Unrated Junk Bond Sold in Australia as Risk Appetite Returns

The first high-yield unrated bond sale in Australian dollars this year is adding to signs that investors are taking more risks as rates stay close to zero.

Evolve Education Group Ltd., a provider of childcare education in New Zealand and Australia, priced A$35 million ($26 million) of five-year notes to yield 7.5% last week. It’s the first corporate deal in Australia’s high-yield unrated market in 12 months, according to arranger FIIG Securities Ltd.

The debt sale is part of a broader push by investors for alternative sources of income, as returns on traditional assets stagnate with central banks keeping interest rates ultra low. High-net-worth individuals are among the buyers for such securities and as the pandemic drags on, they’re increasingly looking for ways to boost portfolios.

“Central bank actions will inflate asset values, which will encourage people to take more risk both in equities and also high-yield bonds,” said Erryn Lloyd-Jones, head of debt capital markets and private debt at FIIG. “We are confident that calendar year 2021 will be a better year than calendar year 2020.”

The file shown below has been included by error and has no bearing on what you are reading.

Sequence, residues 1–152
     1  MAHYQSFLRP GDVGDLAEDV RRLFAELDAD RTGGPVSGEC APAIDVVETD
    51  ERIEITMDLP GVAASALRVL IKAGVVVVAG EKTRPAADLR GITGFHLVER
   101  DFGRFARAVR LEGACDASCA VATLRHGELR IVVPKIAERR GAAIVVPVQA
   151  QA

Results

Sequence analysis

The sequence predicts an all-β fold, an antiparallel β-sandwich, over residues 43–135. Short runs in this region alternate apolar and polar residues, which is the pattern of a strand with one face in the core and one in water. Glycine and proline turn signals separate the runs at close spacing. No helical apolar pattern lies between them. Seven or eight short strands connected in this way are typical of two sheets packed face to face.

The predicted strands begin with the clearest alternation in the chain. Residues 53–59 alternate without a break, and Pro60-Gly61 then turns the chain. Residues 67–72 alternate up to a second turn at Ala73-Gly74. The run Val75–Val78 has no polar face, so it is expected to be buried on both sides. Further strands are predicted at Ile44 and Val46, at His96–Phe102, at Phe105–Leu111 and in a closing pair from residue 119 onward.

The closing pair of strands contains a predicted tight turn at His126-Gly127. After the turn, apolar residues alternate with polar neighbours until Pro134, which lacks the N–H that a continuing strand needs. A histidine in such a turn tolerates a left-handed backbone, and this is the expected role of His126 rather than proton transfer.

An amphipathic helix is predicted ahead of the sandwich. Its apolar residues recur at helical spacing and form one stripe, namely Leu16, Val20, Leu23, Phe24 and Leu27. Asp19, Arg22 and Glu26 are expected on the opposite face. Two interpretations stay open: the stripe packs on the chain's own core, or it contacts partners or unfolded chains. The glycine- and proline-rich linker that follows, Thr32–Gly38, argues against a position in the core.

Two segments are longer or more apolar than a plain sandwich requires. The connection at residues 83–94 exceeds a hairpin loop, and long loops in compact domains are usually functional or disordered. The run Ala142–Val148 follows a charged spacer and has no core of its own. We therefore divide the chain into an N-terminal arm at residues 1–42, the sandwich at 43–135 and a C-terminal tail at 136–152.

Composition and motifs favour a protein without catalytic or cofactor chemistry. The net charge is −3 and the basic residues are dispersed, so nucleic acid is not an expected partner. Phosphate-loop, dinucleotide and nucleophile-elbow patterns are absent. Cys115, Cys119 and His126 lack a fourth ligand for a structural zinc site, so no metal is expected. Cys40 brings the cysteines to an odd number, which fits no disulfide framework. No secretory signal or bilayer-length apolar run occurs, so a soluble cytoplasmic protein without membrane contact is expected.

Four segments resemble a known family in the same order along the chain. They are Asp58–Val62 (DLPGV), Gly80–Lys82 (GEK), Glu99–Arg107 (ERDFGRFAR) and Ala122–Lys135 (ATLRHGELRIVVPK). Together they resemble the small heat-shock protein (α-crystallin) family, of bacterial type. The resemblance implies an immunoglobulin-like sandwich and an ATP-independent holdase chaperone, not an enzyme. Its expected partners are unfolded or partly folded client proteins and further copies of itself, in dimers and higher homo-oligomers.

Unrated Junk Bond Sold in Australia as Risk Appetite Returns

Monetary and fiscal stimulus is seeing confidence return to the local high-yield bond market after spreads blew out and volumes dried up as the pandemic unfolded, Lloyd-Jones added.

Amid the hunt for yield, there are of course pitfalls. One of the few issuers in Australia’s small market for high-yield local bonds that have ratings, Virgin Australia Holdings Ltd., collapsed earlier this year as the pandemic stalled global travel.

But for many the risks have been worth it. Investors have been diving into junk securities globally since late March after central banks stepped in to support markets and stem a tide of defaults. Global high-yield bonds have returned more than 30% since late March, with returns year-to-date of about 4%.

©2020 Bloomberg L.P.

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